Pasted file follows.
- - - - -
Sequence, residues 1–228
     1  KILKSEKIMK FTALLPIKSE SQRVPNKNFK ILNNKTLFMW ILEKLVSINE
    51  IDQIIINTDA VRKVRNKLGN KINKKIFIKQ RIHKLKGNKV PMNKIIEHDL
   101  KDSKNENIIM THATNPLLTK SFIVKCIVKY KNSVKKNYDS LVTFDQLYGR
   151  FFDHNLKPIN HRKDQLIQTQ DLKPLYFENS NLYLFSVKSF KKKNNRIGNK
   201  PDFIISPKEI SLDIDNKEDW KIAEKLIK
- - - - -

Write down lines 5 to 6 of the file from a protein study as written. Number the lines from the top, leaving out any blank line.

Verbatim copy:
   151  FFDHNLKPIN HRKDQLIQTQ DLKPLYFENS NLYLFSVKSF KKKNNRIGNK
   201  PDFIISPKEI SLDIDNKEDW KIAEKLIK